- May 23, 2017
This National Foster Care Month, the HRC Foundation and FosterClub are excited to once again promote the #FosterEquality campaign. By sharing stories of LGBTQ youth in foster care, we hope to bring their experiences to life and encourage everyone to support LGBTQ foster youth. We start with the story of Russell Barnes and his foster care experience.
Originally from Minneapolis’ eastern suburbs, Barnes entered the Minnesota foster care system at the age of 13 when he was still figuring out his sexual orientation. Like far too many LGBTQ young people, Barnes received disparaging messages from peers at school and some of his foster parents.
“Every day at school, I’d hear at least one remark on the assumption that I was ‘gay.’ When they said things like this, it often sounded like they thought less of me, as a result. I felt like a second-class citizen.” Barnes explained. “One time, I wore my new pair of aqua green skinny jeans and someone told me my jeans were ‘gay.’ I brought it up to my foster mom in the car and she told me that I was ‘asking for it’ due to my wardrobe.”
Experiences like these added to his anxiety and depression and intensified his struggle with an eating disorder.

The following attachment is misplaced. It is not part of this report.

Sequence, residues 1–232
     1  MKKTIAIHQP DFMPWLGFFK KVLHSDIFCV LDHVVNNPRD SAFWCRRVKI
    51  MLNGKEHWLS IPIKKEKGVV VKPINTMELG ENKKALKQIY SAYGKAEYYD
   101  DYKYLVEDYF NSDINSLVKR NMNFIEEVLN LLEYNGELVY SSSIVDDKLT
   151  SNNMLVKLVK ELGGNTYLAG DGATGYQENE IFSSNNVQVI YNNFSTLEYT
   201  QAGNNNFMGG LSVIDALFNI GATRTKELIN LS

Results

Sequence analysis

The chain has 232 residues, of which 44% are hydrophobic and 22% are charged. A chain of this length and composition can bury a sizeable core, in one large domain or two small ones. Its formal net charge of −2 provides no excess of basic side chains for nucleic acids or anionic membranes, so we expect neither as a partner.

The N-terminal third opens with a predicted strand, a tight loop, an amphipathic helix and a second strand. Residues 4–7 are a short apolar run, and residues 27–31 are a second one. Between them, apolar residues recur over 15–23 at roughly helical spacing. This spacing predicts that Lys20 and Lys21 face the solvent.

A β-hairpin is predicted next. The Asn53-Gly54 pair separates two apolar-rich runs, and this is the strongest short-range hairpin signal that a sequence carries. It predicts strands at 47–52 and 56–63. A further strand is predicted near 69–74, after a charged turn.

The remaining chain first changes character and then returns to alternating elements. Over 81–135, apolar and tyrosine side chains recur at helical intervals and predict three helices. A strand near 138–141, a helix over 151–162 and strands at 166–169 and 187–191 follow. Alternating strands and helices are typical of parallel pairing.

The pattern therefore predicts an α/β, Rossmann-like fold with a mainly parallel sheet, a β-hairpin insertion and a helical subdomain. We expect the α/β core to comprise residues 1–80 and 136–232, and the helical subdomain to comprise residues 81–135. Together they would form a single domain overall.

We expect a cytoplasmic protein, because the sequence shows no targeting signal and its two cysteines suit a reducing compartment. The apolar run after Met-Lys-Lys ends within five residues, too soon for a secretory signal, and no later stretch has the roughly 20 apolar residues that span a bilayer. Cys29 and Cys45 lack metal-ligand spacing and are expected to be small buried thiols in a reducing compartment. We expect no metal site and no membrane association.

Fortunately, Barnes’ final foster home showed true support and acceptance.
“When I [came out to] my foster parents, they didn’t freak out,” he said. “They just treated it as a fact of life. I felt accepted. I felt respected. I felt loved.”
As a FosterClub All-Star, Barnes is now advocates to make foster care systems more welcoming for LGBTQ youth. He stresses the importance of allowing young people to be in control of how and when they share information about their sexual orientation and gender identity.
“While society has come a long way regarding LGBTQ rights, it has a long way to go,” he observed. “Most importantly, no one should ever feel ‘forced’ to come out.”
HRC’s All Children – All Families project works with adoption and foster care agencies nationwide to ensure that agency staff implement best practices so that LGBTQ youth feel accepted in their placements and given the opportunity to thrive.